Cold sintering is an unusually lowerature process that uses a transient transport phase, which is most often liquid, and an applied uniaxial force to assist in densification of a powder compact. By using this approach, many ceramic powders can be transformed to high-density monoliths at temperatures far below the melting point. In this article, we present a summary of cold sintering accomplishments and the current working models that describe the operative mechanisms in the context of other strategies for lowerature ceramic densification. Current observations in several systems suggest a multiple-stage densification process that bears similarity to models that describe liquid phase sintering. We find that grain growth trends are consistent with classical behavior, but with activation energy values that are lower than observed for thermally driven processes. Densification behavior in these lowerature systems is rich, and there is much to be investigated regarding mass transport within and across the liquid-solid interfaces that populate these ceramics during densification. Irrespective of mechanisms, these low temperatures create a new opportunity spectrum to design grain boundaries and create new types of nanocomposites among material combinations that previously had incompatible processing windows. Future directions are discussed in terms of both the fundamental science and engineering of cold sintering.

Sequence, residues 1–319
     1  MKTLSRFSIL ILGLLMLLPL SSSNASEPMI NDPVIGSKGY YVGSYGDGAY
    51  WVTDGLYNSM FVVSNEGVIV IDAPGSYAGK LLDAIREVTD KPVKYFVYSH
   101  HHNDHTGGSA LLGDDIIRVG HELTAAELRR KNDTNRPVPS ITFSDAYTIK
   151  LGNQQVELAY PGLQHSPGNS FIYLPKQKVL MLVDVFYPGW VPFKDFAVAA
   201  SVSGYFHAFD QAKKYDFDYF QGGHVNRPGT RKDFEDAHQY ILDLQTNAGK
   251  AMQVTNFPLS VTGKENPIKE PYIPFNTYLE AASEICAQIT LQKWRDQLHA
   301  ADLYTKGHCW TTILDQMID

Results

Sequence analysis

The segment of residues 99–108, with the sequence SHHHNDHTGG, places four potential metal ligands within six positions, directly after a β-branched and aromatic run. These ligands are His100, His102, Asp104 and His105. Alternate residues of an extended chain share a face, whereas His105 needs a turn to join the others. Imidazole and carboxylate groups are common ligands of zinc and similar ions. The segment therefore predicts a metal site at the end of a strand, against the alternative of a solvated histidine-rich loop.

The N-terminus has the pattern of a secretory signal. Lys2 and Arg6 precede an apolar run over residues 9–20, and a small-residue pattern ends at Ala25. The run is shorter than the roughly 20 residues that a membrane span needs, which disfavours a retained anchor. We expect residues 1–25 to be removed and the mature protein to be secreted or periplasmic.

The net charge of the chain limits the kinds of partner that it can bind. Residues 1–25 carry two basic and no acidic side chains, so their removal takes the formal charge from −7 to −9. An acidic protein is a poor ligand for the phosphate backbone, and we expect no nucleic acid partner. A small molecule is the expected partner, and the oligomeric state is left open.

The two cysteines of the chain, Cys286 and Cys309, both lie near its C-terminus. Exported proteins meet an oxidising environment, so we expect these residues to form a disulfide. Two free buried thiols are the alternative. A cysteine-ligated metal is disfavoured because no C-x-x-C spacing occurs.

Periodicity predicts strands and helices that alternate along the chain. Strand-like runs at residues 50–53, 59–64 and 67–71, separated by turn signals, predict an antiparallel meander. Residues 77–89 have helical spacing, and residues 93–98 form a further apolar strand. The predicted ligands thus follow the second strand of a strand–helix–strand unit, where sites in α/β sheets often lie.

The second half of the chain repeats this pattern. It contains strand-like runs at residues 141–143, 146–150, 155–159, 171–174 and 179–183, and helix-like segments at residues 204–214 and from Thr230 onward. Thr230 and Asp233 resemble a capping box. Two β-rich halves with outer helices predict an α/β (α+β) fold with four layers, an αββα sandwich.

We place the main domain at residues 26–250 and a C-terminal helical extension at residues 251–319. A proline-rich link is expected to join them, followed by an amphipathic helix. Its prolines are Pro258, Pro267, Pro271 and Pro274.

|Original language||English (US)|
|Number of pages||21|
|Journal||Annual Review of Materials Research|
|State||Published - Jan 1 2019|
All Science Journal Classification (ASJC) codes
- Materials Science(all)